World Harp Congress, Hong Kong 2017: Tuesday, July 11th
July 11, 2017
Have you ever been advised to immediately release the tension right down on your harp, for example before freighting? This idea frequently circulates internet advice forums and social media, but in fact there are few things in existence that are worse for your harp. Harps being what (or perhaps I should say, who) they are, nothing ever goes wrong at 9:30AM on a Tuesday when your technician is sitting by the phone. Your best defence against a panic at precisely the wrong moment, is to attend a technician session when you can! You can learn how your harp works, and check hearsay against facts.
The Hong Kong WHC has wisely programmed such sessions from many of the harp makers, and our turn is tomorrow. Bright and early at 9:15, our principal touring technician for the USA and Australasia – Liza Jensen – will give a workshop about the construction of our harps. Discover why they are lighter, stronger, easier to regulate, why you’ll never suffer the always-just-before-a-concert nightmare of a broken pedal rod, and much more besides.
Deborah Henson-Conant is here in Hong Kong (and appearing at the Pop and Jazz Night on Wednesday!). She has written an excellent book, the “Gurl’s Guide to Amplification“. This clear, friendly guide aims to empower the harpist by explaining the basics – it won’t take you long to read, and it could make your life much, much easier in the future. Our technicians’ sessions follow the same philosophy! We also have a specialist electro room as past of our exhibition halls in Hong Kong. The Camac team will be happy to discuss your amplification questions throughout the duration of the Congress.
Today also marks the appearance of two heavyweights (in the metaphorical sense) of the French classical harp: Chantal Mathieu, and Sylvain Blassel. Chantal, Veronika Lemishenko and Sakuya Koda (soprano) will perform a tribute concert to Jean-Michel Damase.
The then ten-year-old Chantal Mathieu met Damase in Jacqueline Borot’s appartment. A few years later, she won her Premier Prix at the Paris Conservatoire, performing the Sicilienne Variée which Damase had just written at the time. She also performed often in orchestras he was conducting, and she was even accompanied by him on the piano in Moscow, performing the Debussy Dances. We are looking forward to a programme of the Sicilienne Variée, Aubade, the Sonatine for two harps – and Epigrammes et Madrigaux, a cycle of nine melodies for voice and harp commissioned by Chantal in 2004.
Even if you’re not in Hong Kong, you can hear Chantal any time of the day or night on our Canopée video! We are very honoured that she consented to play for the launch of our new instrument.
After the Damase Tribute Concert, Sylvain Blassel will perform one of the Liszt programmes for which he has justifiably become so well-known. The last time I heard this programme, at the Princeton Harp Festival, remains one of the most profound musical experiences I have ever had. Apart from Sylvain’s technical brilliance – catapulting “playing transcriptions on the harp” into new dimensions – I also love the clarity and audacity of his musicianship. In Princeton, he also gave a lecture about the question of “authentic interpretation”. It’s as important to think critically in music, as in any other art form. When you watch a great musician perform, it’s not the brilliance of their technique or how mistake-free they play that blows you away. It’s the sense behind the notes, the order, the grasp of the oeuvre in its entirety – as a piece of music, a piece of an epoch, and a piece of the artist themselves, as the work has come to be.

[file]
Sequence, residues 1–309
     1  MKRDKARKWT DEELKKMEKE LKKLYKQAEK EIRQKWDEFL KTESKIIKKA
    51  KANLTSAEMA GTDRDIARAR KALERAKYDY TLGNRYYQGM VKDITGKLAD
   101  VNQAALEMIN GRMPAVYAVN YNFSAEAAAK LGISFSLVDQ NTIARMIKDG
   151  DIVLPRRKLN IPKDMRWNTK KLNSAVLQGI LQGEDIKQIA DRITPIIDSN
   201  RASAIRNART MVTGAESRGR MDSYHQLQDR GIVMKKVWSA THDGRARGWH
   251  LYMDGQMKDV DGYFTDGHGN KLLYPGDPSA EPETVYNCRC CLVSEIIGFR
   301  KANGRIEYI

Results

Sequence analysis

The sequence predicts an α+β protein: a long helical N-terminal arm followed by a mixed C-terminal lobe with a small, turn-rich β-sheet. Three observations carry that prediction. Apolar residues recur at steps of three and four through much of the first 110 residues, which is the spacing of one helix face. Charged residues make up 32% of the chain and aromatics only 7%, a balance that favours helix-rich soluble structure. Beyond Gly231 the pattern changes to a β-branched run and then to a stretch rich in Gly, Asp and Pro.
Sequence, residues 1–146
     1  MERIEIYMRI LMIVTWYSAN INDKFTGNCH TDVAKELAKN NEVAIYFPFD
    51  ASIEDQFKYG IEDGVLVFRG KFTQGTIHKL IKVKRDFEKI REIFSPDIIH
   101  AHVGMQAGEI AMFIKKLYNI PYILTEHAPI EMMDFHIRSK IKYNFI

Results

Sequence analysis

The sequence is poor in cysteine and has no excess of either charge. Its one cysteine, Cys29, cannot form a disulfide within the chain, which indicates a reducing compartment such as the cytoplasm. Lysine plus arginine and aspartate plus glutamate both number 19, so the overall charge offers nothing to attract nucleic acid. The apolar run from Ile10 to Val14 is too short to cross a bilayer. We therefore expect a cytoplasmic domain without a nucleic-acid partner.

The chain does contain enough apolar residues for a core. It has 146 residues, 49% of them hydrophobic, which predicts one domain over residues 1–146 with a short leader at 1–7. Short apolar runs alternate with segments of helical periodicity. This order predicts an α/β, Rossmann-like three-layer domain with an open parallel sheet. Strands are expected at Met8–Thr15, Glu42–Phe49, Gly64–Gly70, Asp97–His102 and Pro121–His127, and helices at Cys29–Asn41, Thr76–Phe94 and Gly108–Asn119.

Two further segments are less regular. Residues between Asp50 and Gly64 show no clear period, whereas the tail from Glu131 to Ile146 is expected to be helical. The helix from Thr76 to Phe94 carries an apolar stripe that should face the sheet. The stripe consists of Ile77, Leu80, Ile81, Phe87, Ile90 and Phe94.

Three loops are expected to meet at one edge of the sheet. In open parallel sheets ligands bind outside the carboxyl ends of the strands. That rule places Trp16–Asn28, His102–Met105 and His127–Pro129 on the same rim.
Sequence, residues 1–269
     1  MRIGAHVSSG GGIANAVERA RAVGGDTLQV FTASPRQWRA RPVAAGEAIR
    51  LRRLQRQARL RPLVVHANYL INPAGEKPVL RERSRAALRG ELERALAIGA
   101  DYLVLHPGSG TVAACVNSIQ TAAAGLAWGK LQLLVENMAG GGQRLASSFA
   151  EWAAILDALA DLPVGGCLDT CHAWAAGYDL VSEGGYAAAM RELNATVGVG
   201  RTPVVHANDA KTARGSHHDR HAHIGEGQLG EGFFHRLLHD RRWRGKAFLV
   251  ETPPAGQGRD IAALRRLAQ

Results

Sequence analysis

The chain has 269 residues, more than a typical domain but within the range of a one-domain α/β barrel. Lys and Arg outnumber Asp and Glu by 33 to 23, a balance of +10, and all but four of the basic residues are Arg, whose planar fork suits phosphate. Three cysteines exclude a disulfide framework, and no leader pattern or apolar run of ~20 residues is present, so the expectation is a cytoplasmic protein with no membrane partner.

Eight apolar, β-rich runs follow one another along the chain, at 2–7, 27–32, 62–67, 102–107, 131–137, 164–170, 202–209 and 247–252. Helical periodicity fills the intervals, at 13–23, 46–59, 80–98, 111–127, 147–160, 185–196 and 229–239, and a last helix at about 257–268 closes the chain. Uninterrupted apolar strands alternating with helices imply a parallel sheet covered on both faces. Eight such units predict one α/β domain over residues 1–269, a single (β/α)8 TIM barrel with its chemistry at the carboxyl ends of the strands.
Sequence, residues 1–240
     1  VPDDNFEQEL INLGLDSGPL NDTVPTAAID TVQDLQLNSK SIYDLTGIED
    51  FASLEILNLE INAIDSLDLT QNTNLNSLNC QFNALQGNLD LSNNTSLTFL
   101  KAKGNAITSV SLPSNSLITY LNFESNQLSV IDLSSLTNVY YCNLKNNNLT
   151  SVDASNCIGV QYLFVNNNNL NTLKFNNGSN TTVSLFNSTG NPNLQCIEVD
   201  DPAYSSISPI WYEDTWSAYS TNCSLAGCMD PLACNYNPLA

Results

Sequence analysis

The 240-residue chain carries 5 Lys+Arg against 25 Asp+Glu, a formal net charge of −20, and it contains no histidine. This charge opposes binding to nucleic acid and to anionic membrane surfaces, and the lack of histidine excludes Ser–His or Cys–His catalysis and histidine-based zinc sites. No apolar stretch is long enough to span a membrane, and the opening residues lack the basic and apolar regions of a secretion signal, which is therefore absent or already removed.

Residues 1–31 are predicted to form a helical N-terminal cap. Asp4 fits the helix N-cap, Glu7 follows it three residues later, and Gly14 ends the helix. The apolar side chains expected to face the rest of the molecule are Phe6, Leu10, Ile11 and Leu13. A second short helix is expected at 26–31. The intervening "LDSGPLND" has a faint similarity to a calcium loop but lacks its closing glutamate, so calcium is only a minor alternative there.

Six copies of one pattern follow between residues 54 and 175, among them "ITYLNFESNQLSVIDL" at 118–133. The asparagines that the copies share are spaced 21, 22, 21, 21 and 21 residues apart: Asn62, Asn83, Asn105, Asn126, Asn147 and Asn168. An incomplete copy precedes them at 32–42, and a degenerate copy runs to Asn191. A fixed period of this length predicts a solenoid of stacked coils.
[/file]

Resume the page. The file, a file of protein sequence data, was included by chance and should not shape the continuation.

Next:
In the afternoon, we’ll enjoy another Asian highlight concert – this time, from Indonesia and Japan. Heidi Awuy, our partner in Indonesia, is bringing her harp ensemble to perform traditional Indonesian music on the harp. Heidi writes: “this is an interesting crossover, especially when the harp plays gamelan or keroncong patterns, which are familiar to the public from traditional instruments.” After this, Gabriella Dall’Olio will make another appearance (following on from her beautiful Ginastera Sonatina on Monday), together with Sara Sìmari to discuss ‘The Harp in the Kingdom of Naples: from Street Musicians to Celebrated Virtuosos.’
In the evening, we’ll decamp to the Hong Kong Cultural Centre Concert Hall, for the World Harp Congress Gala Concerto Concert. It’s normally difficult enough to hear four harp concertos a year, let alone four in one night. And they are all unusual! Firstly, Anneleen Lenaerts will perform the Harp Concerto Op. 129 by Joseph Jongen – a beautiful Romantic work, strangely neglected, which you can also enjoy on Anneleen’s CD of Harp Concertos with the Brussels Philharmonic. Next, Florence Sitruk will give the world premiere of Detlev Glanert’s Harp Concerto. This refers to the harp’s mythological traditions, in three continuous movements inspired by Ancient Greece.
Thirdly, Xiaotang Gao will perform another world premiere: “The Road”, by Qing Yang. This is not only a new composition, but a new setting for the konghou – “the first known crossover”, the programme notes explain, “of the instrument with cello (Artem Konstantinov), double bass (Andrea Pino) and cajón” (Simon Williams). Finally, Baltazar Juárez and Nicolas Tulliez will perform Manuel Moreno-Buendía’s Concerto Neoclásico (1994). Originally for harp, marimba and strings, the work was rescored by Moreno-Buendía in 2007, for two harps and strings.
Phew! And after all that – we will all head to Grappa’s Cellar to hear Cristina Braga, Ricardo Medeiros and Antonia Medeiros again – this time in quartet, with Nate Wong on percussion!